when should a child brush their own teeth

When children are very young, there are many basic things that parents have to do for them because they are not yet capable of doing them alone. Tasks like eating, showering, or even using the potty require the help of an adult.

However, in these examples it is clear when the child no longer needs the assistance of an adult. When they stop making a huge mess you can safely assume that they’ve got the basics down.

But one question that has many parents stumped is when they should let a child brush their own teeth. This is a question that is difficult to answer because at first glance it may seem like a child is quite capable of brushing by themselves.

Brushing Proficiency in Children

How can you tell if your kid is doing a good job? Parents see their kids holding the toothbrush, they see scrubbing and toothpaste foam. They see their child spitting out the foam instead of swallowing both it and the brush, and they think, “Great! My child can brush their teeth all on their own. My job here is done!” On the surface, it seems like all is going well.

Unfortunately, that’s most likely not the case. A study has shown that five-year olds, on average, brush only 25% of the surfaces of their teeth. Kids more than twice that age, specifically 11-year olds, still only brush approximately 50% of the surfaces of their teeth.

This next part no longer concerns children but is still quite interesting. The oldest age group in the study, 18 to 22-year old young adults, tend to brush approximately 67% of their teeth’s surfaces. Even adults twice their age only showed slight improvements over the children in the study, despite having significantly more brushing experience. What gives?

Why Are Children So Bad at Brushing Teeth?

The results from the study are quite shocking in all age brackets. All the participants did poor jobs for various reasons. However, it does suggest that with age comes improved fine motor skills which is why the older participants did better than the younger ones.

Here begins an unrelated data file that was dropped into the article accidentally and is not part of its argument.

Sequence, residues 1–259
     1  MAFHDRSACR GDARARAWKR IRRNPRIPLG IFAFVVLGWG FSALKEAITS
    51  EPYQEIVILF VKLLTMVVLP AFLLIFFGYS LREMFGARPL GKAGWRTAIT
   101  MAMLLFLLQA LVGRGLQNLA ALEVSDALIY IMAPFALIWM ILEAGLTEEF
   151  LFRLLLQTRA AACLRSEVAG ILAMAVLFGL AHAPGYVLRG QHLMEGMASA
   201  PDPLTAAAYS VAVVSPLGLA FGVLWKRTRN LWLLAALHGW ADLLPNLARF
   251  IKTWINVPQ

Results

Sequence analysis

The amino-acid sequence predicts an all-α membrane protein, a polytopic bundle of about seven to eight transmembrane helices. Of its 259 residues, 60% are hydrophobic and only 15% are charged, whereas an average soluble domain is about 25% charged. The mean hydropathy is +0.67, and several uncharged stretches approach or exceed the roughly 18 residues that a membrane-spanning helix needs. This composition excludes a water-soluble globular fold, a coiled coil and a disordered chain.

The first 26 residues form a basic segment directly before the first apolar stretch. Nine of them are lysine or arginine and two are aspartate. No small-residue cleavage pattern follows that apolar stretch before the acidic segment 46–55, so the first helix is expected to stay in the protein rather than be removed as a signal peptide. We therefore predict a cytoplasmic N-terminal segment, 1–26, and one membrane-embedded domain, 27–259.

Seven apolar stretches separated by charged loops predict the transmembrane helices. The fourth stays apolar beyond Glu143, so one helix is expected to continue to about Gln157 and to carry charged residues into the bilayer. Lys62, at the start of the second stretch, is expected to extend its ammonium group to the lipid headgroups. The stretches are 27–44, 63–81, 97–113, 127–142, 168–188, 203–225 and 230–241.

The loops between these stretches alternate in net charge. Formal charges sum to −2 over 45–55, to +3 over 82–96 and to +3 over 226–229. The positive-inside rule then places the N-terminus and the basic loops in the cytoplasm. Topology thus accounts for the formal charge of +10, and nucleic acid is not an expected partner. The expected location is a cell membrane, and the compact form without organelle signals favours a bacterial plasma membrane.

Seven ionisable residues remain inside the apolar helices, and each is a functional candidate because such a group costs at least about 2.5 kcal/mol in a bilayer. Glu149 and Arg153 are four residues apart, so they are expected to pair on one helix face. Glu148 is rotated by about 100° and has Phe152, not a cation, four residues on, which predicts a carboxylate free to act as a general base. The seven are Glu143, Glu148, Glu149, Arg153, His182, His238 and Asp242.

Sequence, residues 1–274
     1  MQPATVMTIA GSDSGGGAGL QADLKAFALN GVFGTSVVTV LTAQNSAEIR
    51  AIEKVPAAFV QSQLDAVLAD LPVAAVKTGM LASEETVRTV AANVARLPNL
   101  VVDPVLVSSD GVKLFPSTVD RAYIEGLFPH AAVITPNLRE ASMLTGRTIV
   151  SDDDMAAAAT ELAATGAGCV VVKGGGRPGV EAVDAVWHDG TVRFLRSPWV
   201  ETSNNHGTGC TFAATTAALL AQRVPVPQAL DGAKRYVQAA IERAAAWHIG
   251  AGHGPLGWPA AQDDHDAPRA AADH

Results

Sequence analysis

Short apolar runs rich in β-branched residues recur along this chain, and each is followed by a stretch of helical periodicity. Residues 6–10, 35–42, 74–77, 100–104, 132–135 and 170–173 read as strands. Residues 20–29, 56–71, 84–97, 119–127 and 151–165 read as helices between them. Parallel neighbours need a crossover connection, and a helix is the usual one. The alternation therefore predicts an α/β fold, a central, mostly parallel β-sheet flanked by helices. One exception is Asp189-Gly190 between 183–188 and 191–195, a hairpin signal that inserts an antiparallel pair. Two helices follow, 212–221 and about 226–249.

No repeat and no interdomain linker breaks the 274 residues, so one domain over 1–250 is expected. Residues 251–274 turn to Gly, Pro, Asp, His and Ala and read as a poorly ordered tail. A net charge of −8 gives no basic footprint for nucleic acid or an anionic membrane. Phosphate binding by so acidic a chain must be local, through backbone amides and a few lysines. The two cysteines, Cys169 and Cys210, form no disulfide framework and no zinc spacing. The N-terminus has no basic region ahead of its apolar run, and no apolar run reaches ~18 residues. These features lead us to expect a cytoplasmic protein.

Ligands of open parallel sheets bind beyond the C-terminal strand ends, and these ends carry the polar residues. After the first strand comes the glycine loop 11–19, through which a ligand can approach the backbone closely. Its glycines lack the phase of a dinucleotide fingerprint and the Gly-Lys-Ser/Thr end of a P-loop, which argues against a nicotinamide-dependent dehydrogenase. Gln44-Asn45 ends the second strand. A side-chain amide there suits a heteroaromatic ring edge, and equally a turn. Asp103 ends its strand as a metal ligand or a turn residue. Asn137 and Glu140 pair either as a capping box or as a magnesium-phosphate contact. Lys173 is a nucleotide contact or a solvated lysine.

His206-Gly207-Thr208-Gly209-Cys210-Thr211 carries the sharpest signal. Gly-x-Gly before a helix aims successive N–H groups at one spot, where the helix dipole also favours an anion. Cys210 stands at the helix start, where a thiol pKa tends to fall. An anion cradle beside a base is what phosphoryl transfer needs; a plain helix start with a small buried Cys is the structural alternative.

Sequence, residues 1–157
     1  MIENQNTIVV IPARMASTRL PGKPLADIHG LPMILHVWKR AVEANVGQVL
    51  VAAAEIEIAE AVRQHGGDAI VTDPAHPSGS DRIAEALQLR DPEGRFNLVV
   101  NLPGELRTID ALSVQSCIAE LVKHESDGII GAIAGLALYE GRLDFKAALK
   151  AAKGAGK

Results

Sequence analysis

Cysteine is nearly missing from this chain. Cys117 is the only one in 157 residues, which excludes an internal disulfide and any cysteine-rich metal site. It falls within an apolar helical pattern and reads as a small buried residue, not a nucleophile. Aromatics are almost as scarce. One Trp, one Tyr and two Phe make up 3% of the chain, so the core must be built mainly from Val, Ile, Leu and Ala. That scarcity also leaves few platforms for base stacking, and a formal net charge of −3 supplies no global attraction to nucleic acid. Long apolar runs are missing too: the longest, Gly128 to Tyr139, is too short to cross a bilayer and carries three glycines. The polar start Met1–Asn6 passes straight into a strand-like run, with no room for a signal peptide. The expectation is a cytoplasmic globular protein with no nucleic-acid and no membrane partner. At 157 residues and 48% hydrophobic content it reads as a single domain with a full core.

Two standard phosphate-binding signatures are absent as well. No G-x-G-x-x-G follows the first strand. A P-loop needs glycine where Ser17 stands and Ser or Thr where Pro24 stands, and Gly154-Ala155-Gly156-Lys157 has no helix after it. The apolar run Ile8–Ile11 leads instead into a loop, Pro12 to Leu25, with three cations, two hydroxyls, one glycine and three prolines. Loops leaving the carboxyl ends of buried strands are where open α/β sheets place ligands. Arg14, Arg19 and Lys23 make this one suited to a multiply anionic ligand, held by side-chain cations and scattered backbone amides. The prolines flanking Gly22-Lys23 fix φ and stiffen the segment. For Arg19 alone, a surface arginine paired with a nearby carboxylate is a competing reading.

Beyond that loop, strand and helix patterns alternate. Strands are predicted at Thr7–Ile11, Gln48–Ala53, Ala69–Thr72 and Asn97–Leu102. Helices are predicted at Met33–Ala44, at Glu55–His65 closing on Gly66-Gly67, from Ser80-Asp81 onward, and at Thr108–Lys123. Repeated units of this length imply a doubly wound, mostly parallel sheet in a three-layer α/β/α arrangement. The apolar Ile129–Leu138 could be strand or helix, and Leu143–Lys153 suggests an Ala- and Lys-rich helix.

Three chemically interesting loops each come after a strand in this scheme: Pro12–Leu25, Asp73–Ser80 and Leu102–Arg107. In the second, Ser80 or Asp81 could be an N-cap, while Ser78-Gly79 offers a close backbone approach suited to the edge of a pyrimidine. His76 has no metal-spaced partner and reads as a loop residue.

Insufficient Dexterity

Children who are five-years old or younger have difficulty even holding their toothbrush properly. In addition, they lack the hand-eye coordination to quickly and efficiently maneuver the brush around their mouth to reach all the surfaces of their teeth.

At this stage, you should supervise each of your child’s brushing sessions. Place your hand over theirs. Gently guide their movements so they can get an idea of how to properly brush. As they get a bit older, let them brush on their own, but you should do the finishing touches to ensure everything is nice and clean.

A good point of comparison for their brushing progress is how well your child can tie their own shoelaces. If they are dextrous enough to tie a bow knot on their own, then they may also be dextrous enough to brush without adult supervision.

Lack of Awareness

Even for 11-year olds, their brushing effectiveness is quite low at only 50% of their teeth surfaces brushed. Why might that be the case if their fine motor skills are starting to become much more developed? At this age, children should be fully capable of brushing by themselves yet the results from the study is worrisome.

It is believed that the participants in the two older age brackets are capable of brushing more effectively, but their poor result may be due to a lack of awareness. Some areas are tricky to clean, such as behind each tooth or the large teeth in the very back known as the molars.